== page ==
Carry currencies to tempt central banks
Central bankers as carry traders? Why not.
As we wrote here yesterday, FX reserves at global central banks may be starting to rise again. That’s a consequence of a pick up in portfolio investment flows in recent weeks and is likely to continue after the U.S. Fed’s announcement of its QE3 money-printing programme.
According to analysts at ING, the Fed’s decision to restart its printing presses will first of all increase liquidity (some of which will find its way into central bank coffers). Second, it also tends to depress volatility and lower volatility encourages the carry trade. Over the next 12 months these two themes will combine as global reserve managers twin their efforts to keep their money safe and still try to make a return, ING predicts, dubbing it a positive carry story.
The first problem is that yields are abysmal on traditional reserve currencies. That means any reserve managers keen to boost returns will try to diversify from the dollar, euro, sterling and yen that constitute 90 percent of global reserves. Back in the spring of 2009 when the Fed scaled up QE1, its move depressed the dollar and drove reserve managers towards the euro, which was the most liquid alternative at the time. ING writes:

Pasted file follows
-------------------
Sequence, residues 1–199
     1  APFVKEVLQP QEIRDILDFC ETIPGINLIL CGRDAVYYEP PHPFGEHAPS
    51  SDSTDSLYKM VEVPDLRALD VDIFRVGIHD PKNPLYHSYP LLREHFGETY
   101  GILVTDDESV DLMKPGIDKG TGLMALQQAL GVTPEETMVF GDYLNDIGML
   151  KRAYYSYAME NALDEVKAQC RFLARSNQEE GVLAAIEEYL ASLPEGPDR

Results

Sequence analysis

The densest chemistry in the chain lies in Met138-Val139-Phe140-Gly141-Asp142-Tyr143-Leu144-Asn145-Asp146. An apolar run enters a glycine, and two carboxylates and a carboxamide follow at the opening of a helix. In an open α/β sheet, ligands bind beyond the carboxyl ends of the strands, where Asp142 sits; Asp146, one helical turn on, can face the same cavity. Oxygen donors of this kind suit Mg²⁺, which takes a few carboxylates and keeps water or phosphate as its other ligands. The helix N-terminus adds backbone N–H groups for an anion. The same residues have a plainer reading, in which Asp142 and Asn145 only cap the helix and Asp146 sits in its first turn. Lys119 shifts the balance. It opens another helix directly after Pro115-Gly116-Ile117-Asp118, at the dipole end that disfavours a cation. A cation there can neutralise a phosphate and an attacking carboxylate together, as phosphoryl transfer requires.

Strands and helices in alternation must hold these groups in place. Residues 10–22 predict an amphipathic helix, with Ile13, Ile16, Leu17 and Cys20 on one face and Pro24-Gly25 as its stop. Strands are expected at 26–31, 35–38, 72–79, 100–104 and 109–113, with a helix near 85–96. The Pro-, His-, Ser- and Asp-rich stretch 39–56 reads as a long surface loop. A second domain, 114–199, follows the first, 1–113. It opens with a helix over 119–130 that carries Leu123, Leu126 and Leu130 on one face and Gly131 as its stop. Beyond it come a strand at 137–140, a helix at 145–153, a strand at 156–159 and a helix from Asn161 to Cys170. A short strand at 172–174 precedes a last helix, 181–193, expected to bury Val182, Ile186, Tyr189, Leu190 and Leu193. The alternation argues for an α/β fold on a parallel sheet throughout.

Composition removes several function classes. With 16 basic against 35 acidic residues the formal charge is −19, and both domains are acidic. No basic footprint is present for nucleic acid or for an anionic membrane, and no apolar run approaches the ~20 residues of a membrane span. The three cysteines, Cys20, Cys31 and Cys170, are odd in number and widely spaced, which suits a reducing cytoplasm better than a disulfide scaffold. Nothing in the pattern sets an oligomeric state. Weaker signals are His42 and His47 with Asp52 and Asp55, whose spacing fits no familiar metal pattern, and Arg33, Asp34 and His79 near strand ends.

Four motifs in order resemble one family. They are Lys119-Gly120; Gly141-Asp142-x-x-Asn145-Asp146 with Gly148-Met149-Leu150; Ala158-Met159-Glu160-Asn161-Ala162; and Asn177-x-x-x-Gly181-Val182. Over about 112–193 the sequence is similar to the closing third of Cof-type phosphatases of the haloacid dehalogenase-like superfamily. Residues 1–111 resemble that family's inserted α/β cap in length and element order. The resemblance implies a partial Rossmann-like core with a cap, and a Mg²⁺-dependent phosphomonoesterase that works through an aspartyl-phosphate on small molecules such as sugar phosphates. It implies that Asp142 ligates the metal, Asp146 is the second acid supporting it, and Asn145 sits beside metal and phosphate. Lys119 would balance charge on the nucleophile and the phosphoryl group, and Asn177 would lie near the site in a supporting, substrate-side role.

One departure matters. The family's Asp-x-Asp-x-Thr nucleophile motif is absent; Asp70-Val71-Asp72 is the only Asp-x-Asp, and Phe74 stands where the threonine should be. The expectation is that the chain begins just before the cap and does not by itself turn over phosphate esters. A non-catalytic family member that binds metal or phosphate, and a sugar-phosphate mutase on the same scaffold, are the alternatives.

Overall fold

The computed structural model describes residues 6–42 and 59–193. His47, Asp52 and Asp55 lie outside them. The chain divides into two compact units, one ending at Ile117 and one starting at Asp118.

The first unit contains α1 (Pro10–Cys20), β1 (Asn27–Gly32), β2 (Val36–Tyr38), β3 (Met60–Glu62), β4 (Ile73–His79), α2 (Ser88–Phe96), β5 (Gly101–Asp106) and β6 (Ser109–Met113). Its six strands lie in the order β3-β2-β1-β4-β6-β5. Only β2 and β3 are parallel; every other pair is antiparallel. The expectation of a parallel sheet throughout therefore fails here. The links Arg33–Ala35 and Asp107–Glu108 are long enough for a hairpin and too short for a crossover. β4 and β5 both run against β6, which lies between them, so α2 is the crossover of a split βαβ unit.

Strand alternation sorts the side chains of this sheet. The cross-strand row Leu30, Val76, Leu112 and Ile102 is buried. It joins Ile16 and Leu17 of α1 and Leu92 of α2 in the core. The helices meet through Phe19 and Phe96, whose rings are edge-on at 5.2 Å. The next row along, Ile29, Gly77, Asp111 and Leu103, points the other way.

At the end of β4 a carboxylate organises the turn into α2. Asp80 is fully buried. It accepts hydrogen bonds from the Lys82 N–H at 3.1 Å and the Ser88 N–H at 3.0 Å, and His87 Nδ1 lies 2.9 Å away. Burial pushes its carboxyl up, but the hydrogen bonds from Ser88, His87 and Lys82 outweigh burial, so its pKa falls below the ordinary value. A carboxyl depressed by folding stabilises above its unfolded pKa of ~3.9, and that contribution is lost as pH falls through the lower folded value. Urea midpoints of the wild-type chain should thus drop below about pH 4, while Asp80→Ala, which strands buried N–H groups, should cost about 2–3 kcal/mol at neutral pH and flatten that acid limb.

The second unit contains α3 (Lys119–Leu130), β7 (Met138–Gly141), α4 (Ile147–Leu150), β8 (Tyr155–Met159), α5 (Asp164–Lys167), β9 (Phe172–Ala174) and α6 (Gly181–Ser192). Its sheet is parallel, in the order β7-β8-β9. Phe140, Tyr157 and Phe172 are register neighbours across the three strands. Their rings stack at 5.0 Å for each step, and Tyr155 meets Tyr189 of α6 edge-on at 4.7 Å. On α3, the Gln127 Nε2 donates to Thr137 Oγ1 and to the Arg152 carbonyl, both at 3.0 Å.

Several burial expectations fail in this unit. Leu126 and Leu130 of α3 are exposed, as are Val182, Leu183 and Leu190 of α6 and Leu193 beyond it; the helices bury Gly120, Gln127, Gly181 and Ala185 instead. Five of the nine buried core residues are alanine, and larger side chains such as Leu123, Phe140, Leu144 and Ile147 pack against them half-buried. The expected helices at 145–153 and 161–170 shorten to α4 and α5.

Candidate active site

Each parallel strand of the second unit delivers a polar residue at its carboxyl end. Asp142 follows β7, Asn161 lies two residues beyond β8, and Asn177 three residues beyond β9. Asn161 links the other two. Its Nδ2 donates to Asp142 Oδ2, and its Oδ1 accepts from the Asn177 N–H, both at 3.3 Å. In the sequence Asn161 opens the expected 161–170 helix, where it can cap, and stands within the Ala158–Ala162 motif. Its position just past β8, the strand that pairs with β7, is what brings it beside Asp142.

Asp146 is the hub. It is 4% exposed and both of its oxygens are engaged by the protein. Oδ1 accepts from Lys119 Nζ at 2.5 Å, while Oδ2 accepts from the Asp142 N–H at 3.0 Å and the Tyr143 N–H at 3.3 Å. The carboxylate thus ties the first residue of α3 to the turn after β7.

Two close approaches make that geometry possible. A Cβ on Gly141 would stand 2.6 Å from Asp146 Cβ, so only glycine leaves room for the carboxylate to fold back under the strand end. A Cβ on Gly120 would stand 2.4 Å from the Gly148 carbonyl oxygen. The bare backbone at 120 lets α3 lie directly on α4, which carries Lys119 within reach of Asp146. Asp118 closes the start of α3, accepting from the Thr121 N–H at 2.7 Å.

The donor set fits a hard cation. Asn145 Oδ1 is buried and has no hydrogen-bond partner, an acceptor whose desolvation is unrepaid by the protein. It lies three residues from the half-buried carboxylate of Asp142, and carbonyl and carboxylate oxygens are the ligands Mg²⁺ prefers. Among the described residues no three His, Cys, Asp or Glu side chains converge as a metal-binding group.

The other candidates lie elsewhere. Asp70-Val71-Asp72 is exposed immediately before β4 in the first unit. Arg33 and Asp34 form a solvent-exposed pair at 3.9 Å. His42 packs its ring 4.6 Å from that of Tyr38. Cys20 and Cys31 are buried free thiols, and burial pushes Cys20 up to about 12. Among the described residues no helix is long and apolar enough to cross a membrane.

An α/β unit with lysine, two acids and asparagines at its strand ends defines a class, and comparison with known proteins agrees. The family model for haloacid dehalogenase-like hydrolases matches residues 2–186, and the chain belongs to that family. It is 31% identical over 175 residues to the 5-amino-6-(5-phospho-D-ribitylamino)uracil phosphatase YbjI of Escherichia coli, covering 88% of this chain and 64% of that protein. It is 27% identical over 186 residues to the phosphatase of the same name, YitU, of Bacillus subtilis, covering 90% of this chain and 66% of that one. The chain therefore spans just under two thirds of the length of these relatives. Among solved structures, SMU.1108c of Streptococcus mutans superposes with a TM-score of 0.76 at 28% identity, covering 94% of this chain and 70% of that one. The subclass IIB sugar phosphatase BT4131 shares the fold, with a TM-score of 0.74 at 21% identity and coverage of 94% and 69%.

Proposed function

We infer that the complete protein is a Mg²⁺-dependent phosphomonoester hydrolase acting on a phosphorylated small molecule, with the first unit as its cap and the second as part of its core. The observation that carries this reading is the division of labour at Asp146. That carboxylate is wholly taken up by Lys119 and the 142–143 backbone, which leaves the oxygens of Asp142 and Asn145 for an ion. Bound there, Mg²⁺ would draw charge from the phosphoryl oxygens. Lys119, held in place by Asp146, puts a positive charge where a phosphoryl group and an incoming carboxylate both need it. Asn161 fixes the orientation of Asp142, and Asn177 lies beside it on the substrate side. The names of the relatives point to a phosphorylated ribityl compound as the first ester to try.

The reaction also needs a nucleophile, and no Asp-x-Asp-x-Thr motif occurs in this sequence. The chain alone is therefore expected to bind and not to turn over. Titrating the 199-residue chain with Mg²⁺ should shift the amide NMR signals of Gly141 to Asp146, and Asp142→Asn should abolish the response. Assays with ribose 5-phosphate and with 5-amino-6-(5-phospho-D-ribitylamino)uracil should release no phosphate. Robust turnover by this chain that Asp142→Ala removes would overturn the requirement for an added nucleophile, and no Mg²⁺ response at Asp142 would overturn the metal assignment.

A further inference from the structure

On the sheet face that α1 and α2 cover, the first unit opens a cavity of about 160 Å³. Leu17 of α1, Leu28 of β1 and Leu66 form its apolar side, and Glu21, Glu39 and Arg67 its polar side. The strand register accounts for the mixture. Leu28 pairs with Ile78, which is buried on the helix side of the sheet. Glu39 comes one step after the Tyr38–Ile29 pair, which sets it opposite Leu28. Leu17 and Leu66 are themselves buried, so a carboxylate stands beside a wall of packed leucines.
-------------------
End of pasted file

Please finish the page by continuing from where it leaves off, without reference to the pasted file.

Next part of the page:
This time, however, we are not looking for the same kind of euro pick-up that we saw in 2009. FX reserve managers typically invest in securities rated AA or higher. Even if they extend durations out to the 5-year area of sovereign curves, an average of AA/AAA Eurozone yields only pays 0.75% – exactly the same as Treasuries.5-year UK gilts are not much better at 0.9 % while Japan pays a measly 0.2% on 5-year bonds.
Instead ING analysts reckon FX reserve managers will go for currencies such as the Australian and Canadian dollars. Thanks to slightly better yields, and large, liquid bond markets, a carry basket invested in the Australian, Canadian, Norwegian and Swedish currencies and funded out of the dollar, euro, sterling and yen will have an annualised carry pick up of 1.6%, the analysts say. That sounds pretty modest but according to ING, FX outperformance can deliver returns of over 10% on this basket. They write:
If a major new bout of FX reserve accumulation is to take place, we’re convinced that 90-95% concentration in core currencies has to fall.
And what of emerging market currencies?
The Singapore dollar (rated AAA) has also been receiving some diversification flows. Another candidate could the Korean won, especially after the sovereign saw its ratings upped this month to A+/Aa3/AA-. And many central banks have already been eyeing up Chinese yuan bonds. In both latter countries 5-year yields are around 3 percent.